EDIT: Wormtongue was shot by a hobbit after slitting Sharky's throat. He's dead.

Stargorger
14-02-2012, 16:31
@All

Not sure if this is really answering any questions per say, but I thought this might be useful information in considering leaders after the 3A.

To Shelob: Far as I understand it, essentially Shelob is an Ent. Or what an Ent is. Way back when Middle Earth was being refined by the Valar, a number of other lesser spirits (angels if you like) entered the world . Some took physical form, like the Valar, but most stayed as spirits. However Illuvitar had placed a limit on spirits entering the world, that those who did so would take physical form and become bound to the constricts of Time and Finite. Thus, the spirits that had entered the world in this way began to become more ‘world-like’ and to take on the characteristics of the aspects of the world which they most loved and reflected. One such spirit, a powerful being named Ungoliant, took on the form of a massive spider-like beast, being enamoured with darkness, cunning, poison, trickery, etc…Shelob was a half-spirit, if you will, a child of Ungoliant. She is mortal and bound to Middle Earth (and can die) but only because she was born to Ungoliant after that spirit had become physical. Make sense?
So Shelob is not dead and never will be until someone who can kill her physically comes…she won’t die of sickness or old age.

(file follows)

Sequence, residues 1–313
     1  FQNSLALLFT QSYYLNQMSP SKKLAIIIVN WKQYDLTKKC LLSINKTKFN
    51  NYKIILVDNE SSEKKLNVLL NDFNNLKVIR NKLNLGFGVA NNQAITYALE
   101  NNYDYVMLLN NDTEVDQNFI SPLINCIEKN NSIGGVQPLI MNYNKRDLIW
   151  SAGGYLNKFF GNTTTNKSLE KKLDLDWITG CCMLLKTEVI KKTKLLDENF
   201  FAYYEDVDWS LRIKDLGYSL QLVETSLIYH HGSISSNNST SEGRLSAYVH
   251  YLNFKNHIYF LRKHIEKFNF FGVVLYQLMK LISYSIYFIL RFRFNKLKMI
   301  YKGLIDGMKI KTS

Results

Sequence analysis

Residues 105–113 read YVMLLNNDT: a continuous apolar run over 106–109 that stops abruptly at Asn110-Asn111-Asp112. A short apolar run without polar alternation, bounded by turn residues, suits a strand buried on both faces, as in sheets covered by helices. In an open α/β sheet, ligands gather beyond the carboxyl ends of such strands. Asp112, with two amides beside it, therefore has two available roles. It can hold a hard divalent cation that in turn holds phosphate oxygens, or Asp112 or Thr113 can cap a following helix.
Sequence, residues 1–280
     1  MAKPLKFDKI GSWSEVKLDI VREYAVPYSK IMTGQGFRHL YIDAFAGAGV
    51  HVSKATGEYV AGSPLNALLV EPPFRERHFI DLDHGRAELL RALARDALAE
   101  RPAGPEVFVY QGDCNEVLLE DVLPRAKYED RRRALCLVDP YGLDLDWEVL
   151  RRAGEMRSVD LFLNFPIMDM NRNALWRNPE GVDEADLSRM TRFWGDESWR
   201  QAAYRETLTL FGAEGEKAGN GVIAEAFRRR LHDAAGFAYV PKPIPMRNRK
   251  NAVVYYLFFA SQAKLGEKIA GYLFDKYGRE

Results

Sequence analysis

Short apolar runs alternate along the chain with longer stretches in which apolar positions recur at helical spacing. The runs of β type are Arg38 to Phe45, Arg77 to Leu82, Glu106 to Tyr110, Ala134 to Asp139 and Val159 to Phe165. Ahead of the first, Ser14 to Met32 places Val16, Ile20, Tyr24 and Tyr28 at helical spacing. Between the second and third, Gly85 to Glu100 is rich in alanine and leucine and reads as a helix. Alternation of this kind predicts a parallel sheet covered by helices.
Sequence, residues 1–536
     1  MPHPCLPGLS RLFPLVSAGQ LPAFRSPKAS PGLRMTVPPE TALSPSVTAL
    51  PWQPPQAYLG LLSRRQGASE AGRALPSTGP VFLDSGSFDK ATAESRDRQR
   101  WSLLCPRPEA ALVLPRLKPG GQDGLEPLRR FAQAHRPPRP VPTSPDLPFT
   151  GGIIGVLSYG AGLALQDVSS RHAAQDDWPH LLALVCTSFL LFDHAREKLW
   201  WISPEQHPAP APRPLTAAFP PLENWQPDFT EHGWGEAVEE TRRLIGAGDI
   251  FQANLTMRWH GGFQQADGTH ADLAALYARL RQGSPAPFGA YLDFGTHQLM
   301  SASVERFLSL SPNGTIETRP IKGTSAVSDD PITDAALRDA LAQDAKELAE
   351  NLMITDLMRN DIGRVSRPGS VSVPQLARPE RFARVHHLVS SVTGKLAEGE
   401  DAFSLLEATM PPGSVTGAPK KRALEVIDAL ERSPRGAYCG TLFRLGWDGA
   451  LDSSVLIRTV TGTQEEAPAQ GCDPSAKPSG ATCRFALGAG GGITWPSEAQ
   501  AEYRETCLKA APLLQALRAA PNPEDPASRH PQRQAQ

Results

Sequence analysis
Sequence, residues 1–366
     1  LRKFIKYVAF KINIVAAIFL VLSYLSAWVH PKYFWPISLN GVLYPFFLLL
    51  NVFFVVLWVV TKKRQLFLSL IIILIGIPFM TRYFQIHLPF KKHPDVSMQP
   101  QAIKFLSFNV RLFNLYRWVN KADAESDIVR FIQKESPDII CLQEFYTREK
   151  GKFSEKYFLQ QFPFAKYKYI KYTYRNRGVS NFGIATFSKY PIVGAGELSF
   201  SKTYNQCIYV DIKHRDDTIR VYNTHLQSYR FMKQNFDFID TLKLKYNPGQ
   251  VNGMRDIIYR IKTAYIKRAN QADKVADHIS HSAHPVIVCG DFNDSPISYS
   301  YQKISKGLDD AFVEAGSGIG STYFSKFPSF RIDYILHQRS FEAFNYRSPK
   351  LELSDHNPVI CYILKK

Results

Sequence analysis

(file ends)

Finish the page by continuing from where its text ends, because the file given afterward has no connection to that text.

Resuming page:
Now, taking this information: I think it’s safe to assume that there are other great spirits that took other unnamed forms (or some forgotten ones…I STILL want to see what a ‘wereworm’ looks like lol) that Tolkien didn’t mention.

As to captains: Gothmog was the name of Melkor’s Balrog lieutenant during the War of Wrath. I think it’s perfectly in keeping that some snooty Orc would name himself after a balrog commander ;-)

The ringwraiths were humans whose bodies disintegrated over time but whose spirits were held to the mortal plane by the power of the Ring. Without the ring, they vanished. Likewise the Watchers of Cirith Ungol, the Castellans of Dol Guldar, etc…anything created or sustained by the power of the Ring.

The Barrow Wights were not. As mentioned they were evil spirits summoned by the Witch King to inhabit the corpses of the fallen kings of Eriador. But, now having come to the mortal realm (like I said about Shelob), they are now physical, and bound to the world, and can be killed. Thus, I think it’s probably safe to say that there are other ‘ghost’ (read, spirit-possessed undead) legions still around from the fall of Angmar.